• Love is not saying yes at the Expense of your Own Happiness 

Stop saying yes to everything to please people. You know what, your parents did not raise you to be miserable so that others can be happy. Learn to ask what is there for you, as well as saying no without feeling guilty. Take charge of your joy, your happiness, and your worth and protect it at all costs. If your partner can’t handle that kick them out. 

  • Love is Supportive 

If you look for nothing else in a partner, make sure you have a supportive one. It is important to have a partner who can be there during tough phases in life. Having a reliable support system gives a sense of security and pride. Support may be emotional and also financial when need be. It feels nice to have someone you can turn to during a crisis and receive immense support from them. 

  • Love is Work

Anything worth having demands effort and intentionality and true love is not an exemption. Love takes work to resolve disagreements. It takes intentionality to communicate and understand one another. Love requires nurturing and care for it to thrive. You deserve effort, you deserve consistency, and you deserve everything good that true love has in store. Anything short of that is not worth your energy.

When all is said and done, you are the only one who can decide if you are happy or not. Until you believe you deserve better you will always attract the same version of what you disposed. Take care of your heart and value yourself. At the end of the day, all that matters is how content you are with your story.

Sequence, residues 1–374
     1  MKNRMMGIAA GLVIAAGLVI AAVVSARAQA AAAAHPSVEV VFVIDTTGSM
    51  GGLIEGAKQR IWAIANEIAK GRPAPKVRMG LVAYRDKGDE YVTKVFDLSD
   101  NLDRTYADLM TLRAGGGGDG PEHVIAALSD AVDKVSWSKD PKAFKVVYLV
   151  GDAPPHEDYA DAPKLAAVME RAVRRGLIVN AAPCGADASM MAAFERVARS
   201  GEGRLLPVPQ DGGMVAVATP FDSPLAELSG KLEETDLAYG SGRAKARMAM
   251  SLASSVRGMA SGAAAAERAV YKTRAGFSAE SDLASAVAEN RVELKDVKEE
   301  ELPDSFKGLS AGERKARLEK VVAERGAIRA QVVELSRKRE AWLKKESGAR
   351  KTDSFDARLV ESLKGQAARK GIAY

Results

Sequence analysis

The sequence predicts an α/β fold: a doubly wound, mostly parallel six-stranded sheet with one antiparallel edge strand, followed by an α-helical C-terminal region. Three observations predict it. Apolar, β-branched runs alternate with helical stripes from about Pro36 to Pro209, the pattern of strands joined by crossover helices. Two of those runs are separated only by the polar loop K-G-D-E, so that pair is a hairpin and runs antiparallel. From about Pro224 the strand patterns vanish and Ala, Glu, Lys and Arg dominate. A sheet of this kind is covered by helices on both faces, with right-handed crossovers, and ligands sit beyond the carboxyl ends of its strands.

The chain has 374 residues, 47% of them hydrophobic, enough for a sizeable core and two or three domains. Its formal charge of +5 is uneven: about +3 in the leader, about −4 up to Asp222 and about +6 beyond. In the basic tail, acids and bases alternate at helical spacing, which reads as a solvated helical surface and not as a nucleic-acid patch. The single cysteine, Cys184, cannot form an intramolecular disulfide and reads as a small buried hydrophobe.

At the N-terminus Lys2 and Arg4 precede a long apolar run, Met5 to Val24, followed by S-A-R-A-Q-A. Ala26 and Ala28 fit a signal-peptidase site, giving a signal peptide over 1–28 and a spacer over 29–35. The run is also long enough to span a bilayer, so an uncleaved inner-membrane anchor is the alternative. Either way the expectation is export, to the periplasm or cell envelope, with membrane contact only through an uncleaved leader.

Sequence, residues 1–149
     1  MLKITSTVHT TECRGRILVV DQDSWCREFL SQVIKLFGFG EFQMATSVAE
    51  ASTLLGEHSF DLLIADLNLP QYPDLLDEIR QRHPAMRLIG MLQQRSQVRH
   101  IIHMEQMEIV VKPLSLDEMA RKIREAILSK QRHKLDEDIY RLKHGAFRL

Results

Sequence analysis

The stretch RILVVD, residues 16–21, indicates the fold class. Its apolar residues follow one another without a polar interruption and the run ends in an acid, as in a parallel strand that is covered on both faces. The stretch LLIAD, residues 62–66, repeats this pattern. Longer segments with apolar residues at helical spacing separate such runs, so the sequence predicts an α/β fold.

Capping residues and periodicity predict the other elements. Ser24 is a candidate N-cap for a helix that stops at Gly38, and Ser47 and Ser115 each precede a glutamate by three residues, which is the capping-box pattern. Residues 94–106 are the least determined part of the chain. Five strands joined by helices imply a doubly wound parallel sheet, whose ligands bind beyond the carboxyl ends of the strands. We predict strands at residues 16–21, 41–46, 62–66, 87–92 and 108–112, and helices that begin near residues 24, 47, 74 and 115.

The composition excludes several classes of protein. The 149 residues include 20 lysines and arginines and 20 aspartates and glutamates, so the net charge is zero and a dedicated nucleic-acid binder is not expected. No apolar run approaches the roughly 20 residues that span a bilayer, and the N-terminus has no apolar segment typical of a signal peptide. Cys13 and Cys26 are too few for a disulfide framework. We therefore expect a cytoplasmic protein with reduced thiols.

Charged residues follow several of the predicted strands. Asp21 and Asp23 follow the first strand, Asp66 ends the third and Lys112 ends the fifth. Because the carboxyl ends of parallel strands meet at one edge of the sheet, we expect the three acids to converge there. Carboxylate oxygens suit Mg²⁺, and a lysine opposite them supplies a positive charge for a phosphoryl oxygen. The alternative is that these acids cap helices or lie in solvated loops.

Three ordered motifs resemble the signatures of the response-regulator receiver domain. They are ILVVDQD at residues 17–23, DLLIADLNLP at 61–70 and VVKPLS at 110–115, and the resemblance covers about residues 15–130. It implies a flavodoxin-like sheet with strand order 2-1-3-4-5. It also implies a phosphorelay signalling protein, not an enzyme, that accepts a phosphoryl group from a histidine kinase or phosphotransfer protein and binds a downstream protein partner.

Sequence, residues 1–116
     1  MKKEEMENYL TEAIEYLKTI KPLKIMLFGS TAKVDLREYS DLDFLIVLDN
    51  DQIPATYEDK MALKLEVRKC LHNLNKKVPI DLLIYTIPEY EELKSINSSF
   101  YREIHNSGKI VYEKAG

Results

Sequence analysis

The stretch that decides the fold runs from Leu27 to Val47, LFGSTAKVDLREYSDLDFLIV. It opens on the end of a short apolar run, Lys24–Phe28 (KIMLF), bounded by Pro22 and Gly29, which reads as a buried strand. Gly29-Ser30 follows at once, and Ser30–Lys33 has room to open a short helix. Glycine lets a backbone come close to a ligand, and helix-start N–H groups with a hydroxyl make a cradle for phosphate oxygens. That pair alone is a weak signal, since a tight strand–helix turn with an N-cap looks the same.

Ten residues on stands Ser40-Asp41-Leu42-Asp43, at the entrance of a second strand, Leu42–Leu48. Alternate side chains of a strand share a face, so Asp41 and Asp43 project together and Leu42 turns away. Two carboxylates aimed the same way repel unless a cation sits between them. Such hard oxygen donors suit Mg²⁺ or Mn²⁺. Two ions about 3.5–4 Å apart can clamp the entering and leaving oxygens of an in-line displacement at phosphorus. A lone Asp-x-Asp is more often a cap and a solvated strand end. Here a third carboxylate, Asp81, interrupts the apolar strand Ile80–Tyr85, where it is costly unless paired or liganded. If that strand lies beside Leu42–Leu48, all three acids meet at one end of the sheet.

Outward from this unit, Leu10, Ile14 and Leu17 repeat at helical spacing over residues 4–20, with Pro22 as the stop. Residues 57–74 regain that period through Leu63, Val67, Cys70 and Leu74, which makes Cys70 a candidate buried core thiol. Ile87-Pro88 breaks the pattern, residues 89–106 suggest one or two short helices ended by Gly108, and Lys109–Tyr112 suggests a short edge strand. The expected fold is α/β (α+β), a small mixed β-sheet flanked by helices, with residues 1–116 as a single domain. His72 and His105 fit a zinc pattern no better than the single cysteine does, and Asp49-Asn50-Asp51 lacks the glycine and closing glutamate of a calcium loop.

Happy Valentines 🙂

By: Shalom Musyoka, ELF Alumni, Cohort 8.

UNITY IS STRENGTH

Someone once said that we share the world for a short time. The question is do we spend that time looking at what pushes us apart or do we give ourselves to look at the future we want for our children?

As human beings, it is only natural that we disagree and have conflicts amongst ourselves. But of what benefit is all this? We spend a lot of time arguing and disagreeing. Time which could have been spent building us is wasted on bringing others down. What does one gain by bringing another down? Is it fame, popularity, pride or what feeling do you get while watching another break?

It’s sad, really sad to see people disagree and fight because of differences that do not even change who we are. Whatever one gains by bringing another down only lasts for a second. The effects, however, can last a lifetime. In the long run, we all need each other. Each of us contributes to another’s life in one way or another, whether it’s clear or not. What would you do if you woke up one day and you found yourself alone in this world? Or even worse, what would you do if you woke up one day to a world that does not hear you, one you are absolutely invisible to?

We must learn to live together as brothers and sisters or perish together as fools. Let us teach ourselves to focus on the positive side of each one of us. The negative side is of totally no benefit to any of us. Do not protect yourself by a fence but rather by your friends. True friends will stick by you and offer help that you may need along the way. But only if you let them. Don’t be that kind of person that just pushes people out of their lives.